When when your novel has slipped onto the remaindered tables and then into obscurity, you still hope that it found a few readers who recognized what it was about and valued it. What a joy, therefore, for me to run across Cathy Salter's's post from last spring, Notes From Boomerang Creek: Where the light falls. Even though we are now at the beginning of autumn, I can't resist quoting her concluding paragraphs.
"Jeanette walked past flower vendors with pushcarts loaded with buckets of roses and bronze chrysanthemums, while across the street lavender shadows played against mellow stone. A few blocks away, the harsh white glare of the electric light … would soon come to bleach and harden everything in sight."
Rereading that passage, I recalled the harsh white glare of February. Winter's stark white glaze blurred the line between sky and earth that a month later has been softened by rain and increasingly warmer breezes. Spring has officially arrived on the calendar. Spirits are once again high. Hope is in the air. And where the light falls, the world is once again filled with the promise of spring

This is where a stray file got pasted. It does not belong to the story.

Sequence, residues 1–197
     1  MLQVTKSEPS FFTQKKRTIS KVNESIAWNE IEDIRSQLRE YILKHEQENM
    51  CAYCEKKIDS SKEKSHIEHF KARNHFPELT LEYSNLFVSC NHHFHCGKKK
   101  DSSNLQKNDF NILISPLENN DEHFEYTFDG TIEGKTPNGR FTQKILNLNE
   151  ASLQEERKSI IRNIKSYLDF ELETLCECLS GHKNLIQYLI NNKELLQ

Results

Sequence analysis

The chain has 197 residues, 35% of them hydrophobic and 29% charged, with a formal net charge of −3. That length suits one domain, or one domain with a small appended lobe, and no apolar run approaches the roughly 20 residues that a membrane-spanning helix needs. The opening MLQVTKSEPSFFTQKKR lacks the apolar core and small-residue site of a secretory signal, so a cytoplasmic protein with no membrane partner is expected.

While I was writing, I thought of the book as being very much about how painters work (what my editor called it "the art stuff") and even more so about the importance of sight. An artist must see well to picture the world truly, and we must see each other truly to love well.
It has driven me a little crazy in the last few days to read reviews that treat Richard Powers' Bewilderment as if it were only a book about a father and his special-needs son instead of a novel that is also profoundly about the galactic universe and exo-planets, about neural science and Buddhist insights, about connectivity and living biomes, about the precarious cusp on which our world stands (and some shrewd obervations on American society).
The human stories that give us plot and character are, of course, central to fiction; but just as poetry builds on rhythm and sound and image patterns, novels can also contain so much more than the obvious action. How lovely to find that Cathy Salter noted and remembered something that mattered to me in Where the Light Falls and made it matter to her in looking at her world. Now that I've found her blog, I look forward to learning more about what she's noticing.